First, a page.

Gaming however is another can of worms. There’s nothing particularly wrong with it; you still get the same benefits of smoothness and responsiveness from the high refresh rate. I’m of the mind that you won’t be able to reap the full benefits of the 240Hz refresh rate. There aren’t many games that can hit that 240 fps performance with the GPU options available (of which I’ll delve further into later), so you’re essentially missing out on the extra refresh rate it can produce.
Competitive games certainly fall under this category, but you’d likely still need to set it at the lowest quality level available. To be frank, even though I like smoother gameplay, I still want to play games at a decent level of visual quality, and I believe many others do as well; 240Hz is simply not necessary. If however, you are a person that wants every morsel of advantage in their competitive games and doesn’t mind the lowered graphics, then I suspect this display option will be great for you.
Dreamcore Fusion 15 comes with an optical-mechanical implementation for the built-in keyboard, an obvious step up from what you can find in regular laptops. They advertise 2mm of travel for the keys, and it certainly shows, as typing on the laptop was overall very pleasant — the tactile feedback and deep travel provided a satisfying experience.
Though it is a mechanical keyboard, there was never a worry of disturbing anyone within the vicinity when using it. The keys use a silent switch which helps dampen any noise that would have been made from typing. In fact, I would say it isn’t too dissimilar from what you’ll normally hear in some regular chiclet-style keyboards on laptops.
They’ve also provided a touchpad of a decent size to use alongside the keyboard. It is a glass touchpad that comes with Microsoft Precision Drivers, and there’s lovely click feedback when pressing on it. Nothing much more to say about it — it is a good touchpad.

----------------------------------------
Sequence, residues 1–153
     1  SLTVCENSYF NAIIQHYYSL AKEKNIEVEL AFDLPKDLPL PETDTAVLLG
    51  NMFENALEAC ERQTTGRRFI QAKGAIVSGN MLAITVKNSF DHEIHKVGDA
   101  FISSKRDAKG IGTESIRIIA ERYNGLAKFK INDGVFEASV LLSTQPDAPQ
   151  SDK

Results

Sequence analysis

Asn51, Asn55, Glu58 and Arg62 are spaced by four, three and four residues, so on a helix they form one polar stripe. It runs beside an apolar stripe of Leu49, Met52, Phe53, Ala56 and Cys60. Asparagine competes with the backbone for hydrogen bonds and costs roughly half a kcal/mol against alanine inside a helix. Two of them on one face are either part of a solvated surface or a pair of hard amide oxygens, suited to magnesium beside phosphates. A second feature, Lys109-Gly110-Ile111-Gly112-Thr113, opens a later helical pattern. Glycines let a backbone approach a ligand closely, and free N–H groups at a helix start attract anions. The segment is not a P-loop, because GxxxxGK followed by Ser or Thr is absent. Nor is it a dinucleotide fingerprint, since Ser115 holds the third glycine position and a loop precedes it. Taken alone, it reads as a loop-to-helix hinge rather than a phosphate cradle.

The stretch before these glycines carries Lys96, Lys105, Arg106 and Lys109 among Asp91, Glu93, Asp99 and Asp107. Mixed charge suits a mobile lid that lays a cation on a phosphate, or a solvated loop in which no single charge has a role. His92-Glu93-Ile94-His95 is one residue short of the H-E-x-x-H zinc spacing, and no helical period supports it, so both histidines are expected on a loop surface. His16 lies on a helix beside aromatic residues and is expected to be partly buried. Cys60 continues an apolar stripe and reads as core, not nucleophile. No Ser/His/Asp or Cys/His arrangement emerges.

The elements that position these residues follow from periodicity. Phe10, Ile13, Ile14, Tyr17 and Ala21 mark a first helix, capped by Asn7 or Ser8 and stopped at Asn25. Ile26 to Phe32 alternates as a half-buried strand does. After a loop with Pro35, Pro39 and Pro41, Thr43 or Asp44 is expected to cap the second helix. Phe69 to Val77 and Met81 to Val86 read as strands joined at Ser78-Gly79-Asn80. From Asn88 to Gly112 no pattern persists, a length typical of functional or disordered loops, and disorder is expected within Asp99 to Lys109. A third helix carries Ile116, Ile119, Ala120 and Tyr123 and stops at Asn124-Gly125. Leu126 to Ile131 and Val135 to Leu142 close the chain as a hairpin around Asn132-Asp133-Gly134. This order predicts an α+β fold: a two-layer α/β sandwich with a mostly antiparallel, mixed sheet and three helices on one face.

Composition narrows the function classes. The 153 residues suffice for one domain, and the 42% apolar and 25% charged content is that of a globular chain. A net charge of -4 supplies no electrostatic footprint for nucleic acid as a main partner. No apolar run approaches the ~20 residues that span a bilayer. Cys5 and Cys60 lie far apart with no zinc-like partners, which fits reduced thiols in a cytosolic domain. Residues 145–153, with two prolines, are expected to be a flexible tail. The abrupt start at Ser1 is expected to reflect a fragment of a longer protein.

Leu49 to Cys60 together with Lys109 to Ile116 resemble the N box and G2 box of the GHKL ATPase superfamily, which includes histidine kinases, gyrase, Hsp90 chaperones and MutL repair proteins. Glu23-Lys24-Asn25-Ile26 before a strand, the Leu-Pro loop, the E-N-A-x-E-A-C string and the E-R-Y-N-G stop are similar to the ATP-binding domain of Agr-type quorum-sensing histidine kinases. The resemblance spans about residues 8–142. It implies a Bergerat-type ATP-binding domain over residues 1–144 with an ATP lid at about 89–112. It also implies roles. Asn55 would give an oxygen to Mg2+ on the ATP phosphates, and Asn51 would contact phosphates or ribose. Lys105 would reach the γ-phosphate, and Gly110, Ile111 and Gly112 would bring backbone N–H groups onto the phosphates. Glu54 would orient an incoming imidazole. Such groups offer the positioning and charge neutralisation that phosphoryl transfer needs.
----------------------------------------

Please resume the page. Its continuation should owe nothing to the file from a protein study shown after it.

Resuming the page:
To get the laptop running, Dreamcore has opted to equip the Fusion 15 with an Intel i7-11800H for the CPU. It’s a slightly strange choice of processor considering that the new 12th Gen Intel processors are arriving later this year; you can in fact, begin to purchase some laptops that will have these new CPUs right now!
Looking past that, the i7-11800H is still a very capable processor. Using the laptop for typical use like web-browsing, productivity work, and Netflix/YouTube video streaming elicited no problems of lag that I could see; even when doing all that in tandem. Likewise, more intensive work like Photoshop and video encoding also did not show any noticeable slowdown when put to the test.
As mentioned before, the Dreamcore Fusion 15 allows you to select what components you want for the laptop, and that also applies to the GPU. Between the NVIDIA RTX 3060 and 3070, our unit came with the former.
On the graphically intensive games, the RTX 3060 is a strong performer. I was able to get Control to run at a solid 70fps or so on the highest settings for everything (including ray-tracing) with the help of DLSS. Similarly, Shadow of the Tomb Raider benchmarks at an average of 93fps with everything maxed out, even without DLSS. Using DLSS, it can go up to 116fps for the performance preset. I noticed that on Control, some textures could not render correctly; something I’ve not seen while on other laptops.